Has anybody made the "lame duck" call on Obama?
I know it's a little early, but when you've lost Mother Jones....
2008 Obama Would Have Slammed 2014 Obama for This Government Secrecy Case
Yeah, for all the good it would have done.
During the 2008 presidential campaign, Barack Obama hammered George W. Bush for expanding government secrecy. Obama promised that his would be the most transparent and open administration ever. In particular, Obama criticized the Bush administration's use of a legal loophole known as the state secrets privilege. Citing this privilege, government lawyers can keep evidence and testimony from being introduced in court that would reveal government secrets. That means that if someone sues the government for wrongdoing—say, a plaintiff claims that he or she was illegally spied on or tortured at the behest of the US government—the Justice Department can claim key pieces of evidence will expose national security secrets and prevent this material from being used in court. Doing so would hinder or outright squash the person's case.
Despite this promise, Obama continued to assert the privilege to squelch cases about Bush-era abuses. In one instance, the Justice Department scuttled a lawsuit brought by a man who claimed he had been kidnapped by the CIA and had his penis and testicles cut with a scalpel in a Moroccan prison. And now Obama is broadening the use of this legal maneuver: In the past 18 months, the Obama administration has twice cited state secrets to prevent federal courts from considering lawsuits challenging its use of the no-fly list.
The roots of one of these cases stretch back to early 2011, when then-19-year-old Gulet Mohamed called the New York Times from Kuwait with a wild story. Mohamed claimed he had been snatched by Kuwaiti secret police at Kuwait's airport and beaten and interrogated in a secret Kuwaiti prison. Now, he told the Times, he was locked up in a Kuwaiti deportation facility, where he had acquired a cellphone from another inmate. He alleged the US government was behind his detention. He claimed that FBI agents were questioning him in Kuwaiti custody, denying him access to a lawyer, and telling him he was on the no-fly list and wouldn't be released unless he cooperated. After his plight made national news, Kuwaiti officials took him to the airport, where he was able to board a flight back to the United States. (The no-fly list is an ever-changing registry that affords authorities discretion. So if he was on the list, a decision was made to allow him to make this trip.) When Mohamed returned to the United States, he was interrogated—again without being given access to a lawyer—at Dulles International Airport. He was never charged with a crime.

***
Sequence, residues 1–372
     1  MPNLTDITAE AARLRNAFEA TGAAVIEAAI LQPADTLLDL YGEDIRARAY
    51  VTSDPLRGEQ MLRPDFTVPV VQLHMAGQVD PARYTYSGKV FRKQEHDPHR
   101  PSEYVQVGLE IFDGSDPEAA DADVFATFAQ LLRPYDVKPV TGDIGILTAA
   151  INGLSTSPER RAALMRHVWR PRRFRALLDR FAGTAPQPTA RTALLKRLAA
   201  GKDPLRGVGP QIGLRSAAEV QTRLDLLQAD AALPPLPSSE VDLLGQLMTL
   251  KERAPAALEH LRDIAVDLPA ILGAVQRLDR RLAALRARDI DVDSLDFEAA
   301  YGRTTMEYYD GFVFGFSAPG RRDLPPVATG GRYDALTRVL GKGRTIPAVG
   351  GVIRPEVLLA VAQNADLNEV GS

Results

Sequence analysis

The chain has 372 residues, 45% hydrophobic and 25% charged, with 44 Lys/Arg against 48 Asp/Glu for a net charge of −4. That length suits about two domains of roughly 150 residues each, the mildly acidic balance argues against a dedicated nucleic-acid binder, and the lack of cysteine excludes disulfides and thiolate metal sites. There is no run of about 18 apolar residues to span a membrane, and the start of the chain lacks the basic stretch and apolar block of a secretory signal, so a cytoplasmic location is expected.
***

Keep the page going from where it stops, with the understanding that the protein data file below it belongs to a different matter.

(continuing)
Mohamed wanted to get off the no-fly list. The trouble, explains Ben Wizner, an attorney at the ACLU, is that the Obama administration's "no-fly list policy rests on the idea that the government will never confirm or deny whether you're on the list." Mohamed couldn't confirm whether he was still on the list, let alone get his name removed from it. "They won't tell you whether you're on the list, they won't tell you why you're on the list if you are, and they won't tell you what they suspect," Wizner says. (Of course, when you're denied boarding at the airport, you're effectively being told you're on the no-fly list.) So Mohamed sued the government, alleging that Obama administration officials had violated his constitutional rights both by refusing to confirm whether he was on the no-fly list and by refusing to allow him to challenge his placement on the list (if he were on it). In the case, Mohamed argued that being placed on the no-fly list was a government punishment, yet this had happened (if he were on the list) without due process.
So, the good news (read the whole thing) is that Mohamed is doing OK with his suit, though naturally it may take years.
The bad news is that we could revise the Mother Jones headline to read as follows:
2008 Obama Would Have Slammed 2008 Obama for Granting Retroactive Immunity to the Telcos
Remember, Obama promised in January 2008 to filibuster the FISA reform bill if it granted retroactive immunity to the telcos for participating in Bush's program of warrantless surveillance, a big deal on "the left" of that time. Then July 2008 Obama flip-flopped and voted for it.
So, what Mother Jones discovers, or pretends to discover, in 2014, was obvious to anybody who paid attention six years ago, in 2008.
The country has a lot of problems, and if it takes that long for "the left" to wake up and smell the coffee, #headdesk is all I can say.
NOTE  Since, as we now understand, their guy wasn't doing it.